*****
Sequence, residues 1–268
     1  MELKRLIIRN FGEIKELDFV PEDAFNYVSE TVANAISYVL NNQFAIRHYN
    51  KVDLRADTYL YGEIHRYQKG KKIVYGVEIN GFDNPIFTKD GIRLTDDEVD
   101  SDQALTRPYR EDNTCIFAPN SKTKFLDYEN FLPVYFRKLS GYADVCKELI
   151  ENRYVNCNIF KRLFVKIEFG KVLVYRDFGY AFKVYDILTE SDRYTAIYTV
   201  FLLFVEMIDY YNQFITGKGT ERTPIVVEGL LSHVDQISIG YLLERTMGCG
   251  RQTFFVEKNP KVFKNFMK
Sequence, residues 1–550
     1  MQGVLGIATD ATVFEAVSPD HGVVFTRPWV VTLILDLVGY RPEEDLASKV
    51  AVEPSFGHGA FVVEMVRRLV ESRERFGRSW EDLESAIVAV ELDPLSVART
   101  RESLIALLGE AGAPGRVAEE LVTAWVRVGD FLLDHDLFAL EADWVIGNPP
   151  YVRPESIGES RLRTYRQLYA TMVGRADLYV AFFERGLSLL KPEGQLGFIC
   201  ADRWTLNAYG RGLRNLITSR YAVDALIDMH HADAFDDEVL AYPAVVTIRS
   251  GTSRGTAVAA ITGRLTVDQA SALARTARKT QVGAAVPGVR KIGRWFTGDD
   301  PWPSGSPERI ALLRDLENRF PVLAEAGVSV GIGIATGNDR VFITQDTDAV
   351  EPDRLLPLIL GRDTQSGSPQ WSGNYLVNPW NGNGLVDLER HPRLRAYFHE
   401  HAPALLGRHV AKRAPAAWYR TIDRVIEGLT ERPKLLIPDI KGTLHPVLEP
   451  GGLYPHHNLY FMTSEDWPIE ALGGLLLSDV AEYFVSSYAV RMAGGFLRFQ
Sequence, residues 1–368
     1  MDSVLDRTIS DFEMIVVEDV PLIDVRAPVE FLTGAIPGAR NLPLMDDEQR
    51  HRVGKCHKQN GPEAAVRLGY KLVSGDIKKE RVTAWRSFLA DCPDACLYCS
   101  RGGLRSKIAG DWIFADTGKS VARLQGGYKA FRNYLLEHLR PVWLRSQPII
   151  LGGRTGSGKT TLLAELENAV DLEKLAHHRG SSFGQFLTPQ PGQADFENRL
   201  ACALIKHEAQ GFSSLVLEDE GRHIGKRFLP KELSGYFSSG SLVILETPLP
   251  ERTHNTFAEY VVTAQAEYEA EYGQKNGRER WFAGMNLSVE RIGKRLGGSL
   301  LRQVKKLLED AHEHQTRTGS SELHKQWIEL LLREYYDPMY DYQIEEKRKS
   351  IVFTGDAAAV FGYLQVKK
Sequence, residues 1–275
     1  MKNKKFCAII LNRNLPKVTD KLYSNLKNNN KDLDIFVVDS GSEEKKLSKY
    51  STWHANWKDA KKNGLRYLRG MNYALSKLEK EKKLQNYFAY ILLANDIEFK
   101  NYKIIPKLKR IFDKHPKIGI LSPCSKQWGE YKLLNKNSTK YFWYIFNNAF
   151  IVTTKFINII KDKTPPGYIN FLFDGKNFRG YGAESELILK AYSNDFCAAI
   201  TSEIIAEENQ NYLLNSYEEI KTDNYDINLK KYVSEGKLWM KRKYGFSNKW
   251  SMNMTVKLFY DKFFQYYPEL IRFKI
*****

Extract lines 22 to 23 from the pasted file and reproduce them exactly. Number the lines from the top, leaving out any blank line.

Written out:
   101  RGGLRSKIAG DWIFADTGKS VARLQGGYKA FRNYLLEHLR PVWLRSQPII
   151  LGGRTGSGKT TLLAELENAV DLEKLAHHRG SSFGQFLTPQ PGQADFENRL